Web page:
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Obituaries used for fraud

The Edmonton Police Service is warning families to be cautious about how much information they include in obituaries.

“It’s an awful thing to have to think about when your loved one has passed away,” says Det. Liam Watson with Northeast Division’s Criminal Investigation Section. “But unfortunately, information like a birth date or details about an employer may be all a criminal needs to steal your family member’s identity.”

Suspects use the detailed information in obituaries to contact various businesses (employers, utility providers, etc.) to gain further personal information about the deceased in order to commit identity fraud.

Police are encouraging families to take the following proactive steps when a loved one passes away:

  • When posting an obituary, do not use the day and month of birth of the deceased. Try not to include information on employment history or home address.
  • If acting as an executor for an estate:
    • Alert credit bureaus at the earliest opportunity so that a flag can be placed on the deceased’s profile.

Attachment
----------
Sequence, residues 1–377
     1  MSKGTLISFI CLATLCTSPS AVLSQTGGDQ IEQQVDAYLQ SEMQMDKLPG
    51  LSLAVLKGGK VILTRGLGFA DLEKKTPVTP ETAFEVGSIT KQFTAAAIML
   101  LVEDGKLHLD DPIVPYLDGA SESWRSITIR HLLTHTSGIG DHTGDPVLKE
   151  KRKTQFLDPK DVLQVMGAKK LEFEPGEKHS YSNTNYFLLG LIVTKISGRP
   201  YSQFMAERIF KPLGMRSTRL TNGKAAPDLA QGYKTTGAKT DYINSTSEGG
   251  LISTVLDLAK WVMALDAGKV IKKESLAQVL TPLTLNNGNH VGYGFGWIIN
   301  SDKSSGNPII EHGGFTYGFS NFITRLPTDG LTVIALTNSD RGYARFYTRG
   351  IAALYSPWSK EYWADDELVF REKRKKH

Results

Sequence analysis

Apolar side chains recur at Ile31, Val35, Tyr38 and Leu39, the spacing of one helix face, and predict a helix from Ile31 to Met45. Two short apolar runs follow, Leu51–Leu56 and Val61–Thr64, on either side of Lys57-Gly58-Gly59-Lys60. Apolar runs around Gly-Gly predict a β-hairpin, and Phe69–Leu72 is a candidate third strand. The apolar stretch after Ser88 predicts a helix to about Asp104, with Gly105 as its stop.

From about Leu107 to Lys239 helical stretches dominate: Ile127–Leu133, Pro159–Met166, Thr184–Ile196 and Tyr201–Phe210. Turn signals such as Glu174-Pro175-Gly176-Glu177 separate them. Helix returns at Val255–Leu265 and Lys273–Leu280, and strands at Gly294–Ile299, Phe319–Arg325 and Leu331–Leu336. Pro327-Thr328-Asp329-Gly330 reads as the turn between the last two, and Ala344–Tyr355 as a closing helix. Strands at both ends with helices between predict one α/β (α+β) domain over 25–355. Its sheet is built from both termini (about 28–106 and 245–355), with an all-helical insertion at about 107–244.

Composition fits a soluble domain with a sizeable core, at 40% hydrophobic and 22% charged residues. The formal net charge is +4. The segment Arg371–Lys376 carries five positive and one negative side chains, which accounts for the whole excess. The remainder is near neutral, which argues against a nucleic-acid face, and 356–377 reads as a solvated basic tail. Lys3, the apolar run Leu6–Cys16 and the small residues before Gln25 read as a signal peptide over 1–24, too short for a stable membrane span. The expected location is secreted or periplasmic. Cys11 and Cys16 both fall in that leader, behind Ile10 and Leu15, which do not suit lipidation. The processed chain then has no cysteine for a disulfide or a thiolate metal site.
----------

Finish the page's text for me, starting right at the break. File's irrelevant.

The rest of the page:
• Alert Canada Revenue Agency (CRA) and Service Canada so a flag can be placed on the deceased’s social insurance number and CRA account. 
    • Inform the financial institutions used by the deceased and the utility providers including cell phone provider. 
    • Monitor bank and utility account activity until they are closed.
    • Note: You may be asked to provide a copy of the certificate of death and a copy of the will identifying the executor to complete the above steps.

Obituary information is also used to commit the following scams/frauds:

  • Grandma/Grandpa Scam – the fraudster contacts the surviving spouse and uses the name of one of the grandchildren listed in the obituary.  Information provided to the surviving grandparent is often found on the grandchild’s social media sites or obtained through internet searches.
  • Employment Scam – through social engineering the fraudster obtains the deceased’s personal information and uses it to acquire employment under the deceased’s name thereby redirecting the income tax owed and the identity of the fraudster.
  • Income/Benefits Fraud – the deceased’s identity is used to apply for senior’s benefits and pensions through the federal government or through social engineering to redirect pensions or benefits the deceased was receiving to someone else.
  • Bank Fraud – bank accounts, lines of credit and credit cards are opened in the deceased’s name.
  • Rental Scam - fraudulently renting a condo using the deceased's name. The fraudster then abandon's the suite and doesn't pay rent.

There was also a report in 2018 where the deceased's vehicle was stolen, which contained a wallet with their driver's license, AB Health Card, SIN Card, Debit card, and cell phones.